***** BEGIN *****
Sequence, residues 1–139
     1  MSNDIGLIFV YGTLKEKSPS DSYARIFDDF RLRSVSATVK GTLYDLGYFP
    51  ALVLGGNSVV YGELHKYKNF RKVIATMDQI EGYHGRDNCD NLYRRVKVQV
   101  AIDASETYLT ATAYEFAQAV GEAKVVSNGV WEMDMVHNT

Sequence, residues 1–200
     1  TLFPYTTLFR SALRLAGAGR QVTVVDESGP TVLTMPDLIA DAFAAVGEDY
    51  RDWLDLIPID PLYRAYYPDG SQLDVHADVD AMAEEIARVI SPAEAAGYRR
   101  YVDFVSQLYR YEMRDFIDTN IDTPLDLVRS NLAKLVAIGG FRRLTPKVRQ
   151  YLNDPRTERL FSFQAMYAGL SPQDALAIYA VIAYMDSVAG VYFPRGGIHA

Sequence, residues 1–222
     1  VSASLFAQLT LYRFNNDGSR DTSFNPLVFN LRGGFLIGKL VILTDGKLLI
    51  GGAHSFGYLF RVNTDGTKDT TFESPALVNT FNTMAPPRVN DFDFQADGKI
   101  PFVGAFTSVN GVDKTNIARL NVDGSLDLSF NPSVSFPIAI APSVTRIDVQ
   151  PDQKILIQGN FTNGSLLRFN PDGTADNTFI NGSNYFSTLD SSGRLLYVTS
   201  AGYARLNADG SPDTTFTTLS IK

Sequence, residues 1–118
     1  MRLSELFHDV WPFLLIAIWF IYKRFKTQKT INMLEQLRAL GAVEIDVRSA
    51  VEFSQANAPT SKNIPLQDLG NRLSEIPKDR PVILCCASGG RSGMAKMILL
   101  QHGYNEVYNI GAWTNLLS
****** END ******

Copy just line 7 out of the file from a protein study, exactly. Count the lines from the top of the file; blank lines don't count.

    51  RDWLDLIPID PLYRAYYPDG SQLDVHADVD AMAEEIARVI SPAEAAGYRR